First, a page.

Love the "patchwork" photo of Sally's fibers—so amazing that such variety is achievable without chemical dyes. In addition to being good for the environment, makers, and consumers, the patchwork makes clear that these fibers encourage innovation in weaving and knitting design, in order to make the most of the simple, rich palette. A win-win for us all. Thanks, Karen, for this great post.

  • TrendyThreadworks

    Phyllis Bourque from TrendyThreadworks said 4 years ago

    Information like this foundational to the handmade effort. Imagine the quality of handmade if we could source all of our materials from eco-conscious domestic pioneers. Imagine how businesses could grow and we could all be much healthier...everything from foods to homes. Ummm...didn't we used to do that??

  • blainedesign

    Karen Brown from blainedesign said 4 years ago

    It's unlikely that an industrial approach to developing materials would allow for something like LOVE to be a source of innovation. Yet throughout Sally's story, I was impressed again and again by how her pursuits are driven by love and loving care for living things. She loved spinning, and therefore selected strains of cotton to breed by spinning the little filaments that attached themselves to each seed. She trained as an entomologist and pollinator, and her love of insects made using pesticides impossible. Her values help me see how "practical" love can be, because it is so big, inclusive, thoughtful, and patient. I do not think I have seen an approach to textiles that has the potential so solve so many big problems all at once.

  • alangood

    alangood said 4 years ago

    A wonderful story. Inspirational, but full of facts and information. I hope that Sally prospers; she has shown us the way towards something better! Thank you KAREN for another wonderful post.

  • Gosyma

    Lisa Harling from Gosyma said 4 years ago

    How far astray industry did go... Breeding out cotton's natural resistance to pests and disease in order to produce a whiter, longer fibre! They are such beautiful colours. I am incredibly inspired by this, thank you. There is hope for us.... more than that, there is possibly an amazing future ahead...not only in textiles, but also for growing food, building materials, medicines, fuels... am I getting carried away?

  • GeorgieGirlLLC

    D George from GeorgieGirlLLC said 4 years ago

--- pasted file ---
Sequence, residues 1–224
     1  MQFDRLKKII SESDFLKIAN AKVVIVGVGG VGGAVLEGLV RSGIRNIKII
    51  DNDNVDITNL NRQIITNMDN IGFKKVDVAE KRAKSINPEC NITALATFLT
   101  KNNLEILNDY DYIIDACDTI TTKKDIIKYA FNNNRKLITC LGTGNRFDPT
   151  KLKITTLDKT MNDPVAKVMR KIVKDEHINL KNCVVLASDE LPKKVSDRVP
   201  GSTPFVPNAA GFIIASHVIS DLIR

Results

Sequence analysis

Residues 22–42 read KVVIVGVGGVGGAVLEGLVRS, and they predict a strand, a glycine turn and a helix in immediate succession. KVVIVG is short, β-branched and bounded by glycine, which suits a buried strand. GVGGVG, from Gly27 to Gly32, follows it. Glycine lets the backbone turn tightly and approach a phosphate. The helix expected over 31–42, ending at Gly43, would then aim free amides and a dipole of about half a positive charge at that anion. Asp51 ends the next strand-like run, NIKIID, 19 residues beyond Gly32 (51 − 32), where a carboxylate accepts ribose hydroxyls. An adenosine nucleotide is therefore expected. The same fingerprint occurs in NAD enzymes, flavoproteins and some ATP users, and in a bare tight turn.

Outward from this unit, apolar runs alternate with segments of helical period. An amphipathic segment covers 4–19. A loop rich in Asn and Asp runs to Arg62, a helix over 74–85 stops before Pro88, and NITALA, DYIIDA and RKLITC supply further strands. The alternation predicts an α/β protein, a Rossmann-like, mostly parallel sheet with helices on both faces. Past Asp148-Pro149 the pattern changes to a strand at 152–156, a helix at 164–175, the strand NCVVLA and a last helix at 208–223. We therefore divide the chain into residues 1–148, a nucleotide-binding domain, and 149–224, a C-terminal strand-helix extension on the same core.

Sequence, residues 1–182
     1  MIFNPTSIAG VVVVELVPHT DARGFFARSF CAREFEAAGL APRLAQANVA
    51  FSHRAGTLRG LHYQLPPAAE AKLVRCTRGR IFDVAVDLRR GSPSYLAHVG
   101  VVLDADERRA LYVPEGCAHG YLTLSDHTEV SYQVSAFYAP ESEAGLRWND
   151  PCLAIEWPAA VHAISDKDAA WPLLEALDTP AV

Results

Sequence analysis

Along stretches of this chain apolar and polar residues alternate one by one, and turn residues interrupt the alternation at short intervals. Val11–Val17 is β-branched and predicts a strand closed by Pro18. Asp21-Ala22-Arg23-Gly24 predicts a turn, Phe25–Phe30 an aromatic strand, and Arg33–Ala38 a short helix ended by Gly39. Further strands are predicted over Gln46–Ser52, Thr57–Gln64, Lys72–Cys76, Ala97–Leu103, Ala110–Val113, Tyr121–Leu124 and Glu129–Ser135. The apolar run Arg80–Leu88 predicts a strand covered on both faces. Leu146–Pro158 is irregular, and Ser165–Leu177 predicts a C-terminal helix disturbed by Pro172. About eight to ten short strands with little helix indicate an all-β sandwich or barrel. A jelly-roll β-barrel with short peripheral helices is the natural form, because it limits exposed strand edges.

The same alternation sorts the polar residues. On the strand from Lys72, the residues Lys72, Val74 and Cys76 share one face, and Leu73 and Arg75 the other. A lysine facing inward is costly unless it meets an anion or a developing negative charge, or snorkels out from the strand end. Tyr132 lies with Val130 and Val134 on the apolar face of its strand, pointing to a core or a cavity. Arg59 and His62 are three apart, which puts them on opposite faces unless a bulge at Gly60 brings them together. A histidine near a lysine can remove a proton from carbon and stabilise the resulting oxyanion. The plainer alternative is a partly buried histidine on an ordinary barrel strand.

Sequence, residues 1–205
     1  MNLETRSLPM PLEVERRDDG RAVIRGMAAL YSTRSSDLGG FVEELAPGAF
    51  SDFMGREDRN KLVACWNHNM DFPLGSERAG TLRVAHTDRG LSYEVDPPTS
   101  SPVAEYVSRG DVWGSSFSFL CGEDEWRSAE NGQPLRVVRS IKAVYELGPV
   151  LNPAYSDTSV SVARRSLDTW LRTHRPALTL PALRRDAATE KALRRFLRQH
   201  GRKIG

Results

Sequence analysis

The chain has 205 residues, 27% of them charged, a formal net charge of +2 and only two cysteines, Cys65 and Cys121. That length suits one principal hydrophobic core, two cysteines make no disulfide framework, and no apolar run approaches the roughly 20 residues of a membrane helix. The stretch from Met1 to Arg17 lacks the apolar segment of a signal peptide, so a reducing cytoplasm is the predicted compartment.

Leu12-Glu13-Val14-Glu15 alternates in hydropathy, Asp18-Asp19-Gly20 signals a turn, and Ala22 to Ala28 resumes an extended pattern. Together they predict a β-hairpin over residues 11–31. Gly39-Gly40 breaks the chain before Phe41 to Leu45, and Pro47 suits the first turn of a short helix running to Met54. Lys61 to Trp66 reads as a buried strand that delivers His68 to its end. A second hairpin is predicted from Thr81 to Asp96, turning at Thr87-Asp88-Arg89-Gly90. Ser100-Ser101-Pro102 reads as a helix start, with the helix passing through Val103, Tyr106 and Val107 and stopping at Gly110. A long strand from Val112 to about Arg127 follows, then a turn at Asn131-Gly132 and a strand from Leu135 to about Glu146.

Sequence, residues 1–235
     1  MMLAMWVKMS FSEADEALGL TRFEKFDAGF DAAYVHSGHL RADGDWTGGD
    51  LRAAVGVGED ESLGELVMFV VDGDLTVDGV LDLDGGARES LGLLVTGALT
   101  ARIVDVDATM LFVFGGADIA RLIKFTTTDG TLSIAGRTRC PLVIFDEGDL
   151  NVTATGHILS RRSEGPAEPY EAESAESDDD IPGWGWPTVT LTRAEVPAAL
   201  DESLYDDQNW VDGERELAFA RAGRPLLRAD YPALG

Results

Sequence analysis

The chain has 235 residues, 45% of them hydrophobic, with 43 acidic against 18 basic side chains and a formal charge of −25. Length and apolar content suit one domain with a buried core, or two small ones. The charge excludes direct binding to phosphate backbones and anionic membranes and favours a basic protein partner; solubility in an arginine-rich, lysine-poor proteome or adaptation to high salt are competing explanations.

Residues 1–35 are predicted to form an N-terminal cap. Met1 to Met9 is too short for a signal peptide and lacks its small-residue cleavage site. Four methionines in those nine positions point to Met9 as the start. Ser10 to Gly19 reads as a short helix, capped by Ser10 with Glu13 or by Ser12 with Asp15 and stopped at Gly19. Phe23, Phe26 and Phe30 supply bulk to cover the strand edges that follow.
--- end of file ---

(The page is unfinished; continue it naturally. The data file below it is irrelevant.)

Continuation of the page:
Love this story and the cows.

  • softnwoolly

    Cheryl Jackson from softnwoolly said 4 years ago

    This is amazing! I had no idea cotton came in any colour other than white. I shall now investigate more. Thanks for opening my eyes.

  • fivebeansoup

    Jacqueline from ButtercupBees said 4 years ago

    Great story, so inspirational! Thank you.

  • minouette

    Ele from minouette said 4 years ago

    Thanks for another interesting read. I hope artisans here are more aware of toxicity of their materials than the art teacher poisoned by dye. It's sad that cotton agriculture has such a heavy environmental price.

  • expressyourself

    Natalia Snemis from expressyourself said 4 years ago

    Interesting story!

  • ikabags

    IKA PARIS from ikabags said 4 years ago

    Thanks for natural post ! Congrats !

  • blainedesign

    Karen Brown from blainedesign said 4 years ago

    Yes, Cheryl, and white can still be a very helpful color. For example, Sally has a color that is sort of a redwood tone -- when you spin it with white cotton, you get naturally pink yarn!

  • truecolorprints

    truecolorprints from truecolorprints said 4 years ago

    Great story!

  • allstarorganics

    allstarorganics from allstarorganics said 4 years ago

    This is yet another important story in a series of stories that Karen has brought us to remind us all that everything we do is connected to everything else. We are all beginning to understand the connection between the food we eat and the preservation of farmland, the environment, community, and farming as a way of life. This article makes clear that it is also true of the clothes we wear. Remember that the food system really includes food, fiber, flowers, forage, fodder, and fuel. In knowing more about how cotton fiber is grown and processed, and how our clothes are made and colored, we are in a position to be smarter about our choices. In doing so, we can protect and grow a US garment industry in line with a sustainable vision. We can begin to wear our values. I love the array of colors and textures of this fabric from nature. It makes me want to wear the clothes. Growing our own cotton would be an economic boon to many American communities. A small mill for processing and several sewing coops and clothing lines could grouped around each growing endeavor and be supported from each cotton planting. What a good idea.

  • Teachingmyown

    Ali and Madeline from eweandmehandmades said 4 years ago

    What an amazing woman!

  • KMalinka

    Natalia from KMalinkaVintage said 4 years ago

    Great article:O)

  • HandpaintedThreads

    Maureen from HandpaintedThreads said 4 years ago

    Very informative and interesting article! Thanks.

  • nelliemtorres

    Nellie Torres said 4 years ago

    great article! loved reading it

  • BrennysBibbies

    Ashley Noelle from BrennysBibbies said 4 years ago

    What a great article! So informative.